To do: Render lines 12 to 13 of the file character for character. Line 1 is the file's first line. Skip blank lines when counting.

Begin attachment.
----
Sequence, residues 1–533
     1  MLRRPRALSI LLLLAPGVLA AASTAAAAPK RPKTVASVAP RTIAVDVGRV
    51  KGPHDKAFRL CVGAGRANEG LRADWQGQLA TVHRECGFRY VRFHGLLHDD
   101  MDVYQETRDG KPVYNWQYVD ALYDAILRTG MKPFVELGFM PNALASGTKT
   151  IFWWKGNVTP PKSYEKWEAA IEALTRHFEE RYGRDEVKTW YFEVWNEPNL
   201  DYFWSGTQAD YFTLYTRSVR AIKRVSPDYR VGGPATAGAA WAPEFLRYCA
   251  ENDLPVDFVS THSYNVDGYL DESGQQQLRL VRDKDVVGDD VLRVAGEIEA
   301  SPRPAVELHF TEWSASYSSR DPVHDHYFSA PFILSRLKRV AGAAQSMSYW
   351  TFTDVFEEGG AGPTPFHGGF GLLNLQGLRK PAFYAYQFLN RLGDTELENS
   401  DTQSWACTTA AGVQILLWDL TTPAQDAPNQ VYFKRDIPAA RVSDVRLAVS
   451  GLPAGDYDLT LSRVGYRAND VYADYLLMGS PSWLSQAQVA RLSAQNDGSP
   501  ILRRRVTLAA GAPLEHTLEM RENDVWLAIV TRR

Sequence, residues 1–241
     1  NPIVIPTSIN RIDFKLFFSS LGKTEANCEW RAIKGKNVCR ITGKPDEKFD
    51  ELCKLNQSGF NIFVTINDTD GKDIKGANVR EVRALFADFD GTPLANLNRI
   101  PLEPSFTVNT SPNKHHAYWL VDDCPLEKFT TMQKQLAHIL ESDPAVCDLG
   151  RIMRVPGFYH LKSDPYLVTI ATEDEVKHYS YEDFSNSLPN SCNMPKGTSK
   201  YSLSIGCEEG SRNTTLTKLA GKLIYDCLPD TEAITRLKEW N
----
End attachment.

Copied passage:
   501  ILRRRVTLAA GAPLEHTLEM RENDVWLAIV TRR

Sequence, residues 1–241